Amit Shah Says Prosecution Ratio in Police Cases Pitiful, Need to Make Changes in CrPC and IPC
Amit Shah said that the use of forensic evidence is the need of the hour for police investigators to clinch convictions against criminals.
File photo of Union Home Minister Amit Shah.
New Delhi: Union Home Minister Amit Shah Wednesday said conviction rate in criminal cases in the country is "very pitiful" and age-old police techniques like administering third degree to suspects and phone tapping will not yield the desired results in curbing crime.
Addressing the top brass of police organisations during the 49th Raising Day event of the BPRD here, he said use of forensic evidence is the need of the hour for police investigators to clinch convictions against criminals.
Shah gave a hint of things to come in future when he said that he has asked the BPRD to prepare a plan to have 'modus operandi bureaus' at the national and state-level and that the government is mulling making forensic evidence compulsory in all criminal cases where the quantum of punishment is seven years or more.
He said he has asked the BPRD, a national police think tank under the home ministry, to initiate a countrywide "consultative process" for effecting changes in CrPC (Criminal Procedure Code) and IPC (Indian Penal Code).
"All suggestions should be documented and recommendations should be sent to the ministry. There has been no change for a long time in CrPC and IPC and we should go forward on this," he said.
The BPRD, under the home ministry, is tasked with preparing and suggesting better working policies and technology solutions for the police forces and act as a national think tank on policing.
Shah then talked about the success rate of police investigations in courts.
"The conviction rate is very pitiful in the true sense. It cannot go like this in these times. This needs to be corrected and this can only be corrected when a probe is supported by forensic evidence."
"If a charge sheet is supported by forensic evidence, then there are not many options before the judge and the defence lawyer. Automatically, the conviction rate will improve," Shah said.
He said "it is very essential that the police keeps four steps ahead from criminals and criminal-minded people".
"The police should not be behind. It will only be possible when modernisation (of the police) is done in a holistic manner. It is not the age and time to use third-degree. We should use scientific techniques for investigation," the home minister said, adding "Telephone tapping will not yield any results.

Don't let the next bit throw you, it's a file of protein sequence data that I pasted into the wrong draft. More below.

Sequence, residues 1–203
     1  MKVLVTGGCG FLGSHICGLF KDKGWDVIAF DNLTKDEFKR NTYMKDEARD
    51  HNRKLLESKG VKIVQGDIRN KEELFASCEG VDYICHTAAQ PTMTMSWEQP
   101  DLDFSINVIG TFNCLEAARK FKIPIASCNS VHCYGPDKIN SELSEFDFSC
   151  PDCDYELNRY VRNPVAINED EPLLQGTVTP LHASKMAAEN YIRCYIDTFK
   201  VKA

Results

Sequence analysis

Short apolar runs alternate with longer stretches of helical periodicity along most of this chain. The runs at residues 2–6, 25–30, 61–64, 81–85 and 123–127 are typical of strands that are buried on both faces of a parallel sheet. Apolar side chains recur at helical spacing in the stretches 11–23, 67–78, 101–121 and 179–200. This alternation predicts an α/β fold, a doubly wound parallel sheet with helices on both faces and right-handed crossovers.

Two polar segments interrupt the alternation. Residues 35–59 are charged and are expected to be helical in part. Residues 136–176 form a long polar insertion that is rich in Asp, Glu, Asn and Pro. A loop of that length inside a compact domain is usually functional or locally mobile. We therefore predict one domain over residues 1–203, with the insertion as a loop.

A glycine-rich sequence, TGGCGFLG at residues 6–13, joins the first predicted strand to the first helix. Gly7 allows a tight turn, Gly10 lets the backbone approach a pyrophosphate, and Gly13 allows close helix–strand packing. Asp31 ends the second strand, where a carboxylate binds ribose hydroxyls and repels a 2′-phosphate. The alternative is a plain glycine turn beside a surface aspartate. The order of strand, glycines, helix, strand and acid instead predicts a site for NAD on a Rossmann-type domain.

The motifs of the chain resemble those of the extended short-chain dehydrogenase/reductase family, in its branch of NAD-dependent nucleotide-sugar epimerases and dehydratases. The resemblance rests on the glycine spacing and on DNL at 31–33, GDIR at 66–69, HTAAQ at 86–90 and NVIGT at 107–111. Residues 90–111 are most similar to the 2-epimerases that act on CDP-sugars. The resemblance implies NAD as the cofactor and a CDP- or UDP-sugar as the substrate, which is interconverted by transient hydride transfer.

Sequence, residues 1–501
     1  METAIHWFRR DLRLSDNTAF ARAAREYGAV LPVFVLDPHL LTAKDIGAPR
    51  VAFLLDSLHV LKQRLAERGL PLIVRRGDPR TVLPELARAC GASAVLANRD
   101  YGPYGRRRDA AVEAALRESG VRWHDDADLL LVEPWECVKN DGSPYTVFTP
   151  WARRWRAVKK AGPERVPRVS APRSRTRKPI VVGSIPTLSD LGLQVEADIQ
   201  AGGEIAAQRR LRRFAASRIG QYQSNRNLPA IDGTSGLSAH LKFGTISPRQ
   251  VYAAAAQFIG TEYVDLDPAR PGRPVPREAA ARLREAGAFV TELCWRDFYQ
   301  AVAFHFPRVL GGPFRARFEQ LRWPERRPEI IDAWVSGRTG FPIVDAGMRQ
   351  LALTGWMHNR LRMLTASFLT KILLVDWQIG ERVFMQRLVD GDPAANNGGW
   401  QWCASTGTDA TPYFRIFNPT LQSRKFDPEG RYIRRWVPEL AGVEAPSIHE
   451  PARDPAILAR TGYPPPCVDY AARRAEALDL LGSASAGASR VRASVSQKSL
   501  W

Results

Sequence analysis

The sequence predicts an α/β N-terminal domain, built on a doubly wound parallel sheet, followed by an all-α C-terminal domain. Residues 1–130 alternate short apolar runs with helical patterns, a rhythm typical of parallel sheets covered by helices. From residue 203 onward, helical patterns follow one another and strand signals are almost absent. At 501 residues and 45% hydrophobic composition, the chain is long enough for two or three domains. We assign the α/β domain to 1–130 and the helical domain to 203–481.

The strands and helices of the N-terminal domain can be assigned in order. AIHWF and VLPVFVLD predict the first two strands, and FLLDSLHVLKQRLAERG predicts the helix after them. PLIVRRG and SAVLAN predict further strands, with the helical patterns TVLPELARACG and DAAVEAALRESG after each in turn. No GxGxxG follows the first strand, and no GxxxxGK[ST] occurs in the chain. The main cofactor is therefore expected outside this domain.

"If you want to do pre-emptive policing, if you want to stop crime, then the old techniques should be put in use in these new times and brought into the system," he said.
The minister said old techniques like community policing and informer system have "big utility" as he underlined that the 'beat system', where a constable and other senior cops are entrusted an area, needs to be strengthened.
Shah talked at length about using forensic science in police investigations as he said his government has a plan on this subject.
"A police and national forensic science university will be created at the national level. Its affiliated colleges will be there in every state and after class 12 if any student who has decided to pursue a career in police or CAPFs, we should ensure that training of such students is done from the beginning itself," he said.
Such a student, he said, should get "weightage" when they sit in exams.
"BPRD has sent the proposal to us and in few days we will put it before the Cabinet for a final decision," he said.
He also shared his ideas on widening the ambit of forensics-based investigations.
So, if a government decides that in crimes where the punishment is seven or more years then forensic visit or evidence should be compulsory. But to implement this, will require manpower, he said.
"We don't have it (manpower). So, we will have to raise manpower first to get forensic science trained students and officers. We will have to make a time-bound system to get this manpower. Such an experiment has been successful in Gujarat and no student who passed out from the forensic science university is unemployed," he said.
"I believe the usage of FSL (forensic science laboratories) should be encouraged and made compulsory under law. We will then see more success in getting criminals punished and after this only the tendency to commit a crime will reduce. BPRD should also work on this," Shah said.
The minister asserted that a good law and order environment in the country is essential to realise Prime Minister Narendra Modi's dream of making India a USD 5 trillion economy and getting the country a place among top 3 economies of the world.
He added that 'police reforms' and 'reforms in policing' are two very different areas and there is a need to "design" afresh for the latter.
"I think reform in policing is required and we have to change the police perspective of tackling law and order. The home ministry is working on this at different levels and some plans are there in my mind and some officials are also working on it," he said.
"It is not always that the police gets a leadership with motivation. When such a leadership is not provided then the graph goes down. Things can be made better when we make systems institutionalised."
Shah asked the BPRD to prepare a blueprint for the creation of 'modus operandi bureaus' at the national as well as state-level.
He said these bureaus will study the technique of crime and the mentality of criminal and this will help in both reducing and stopping crime.
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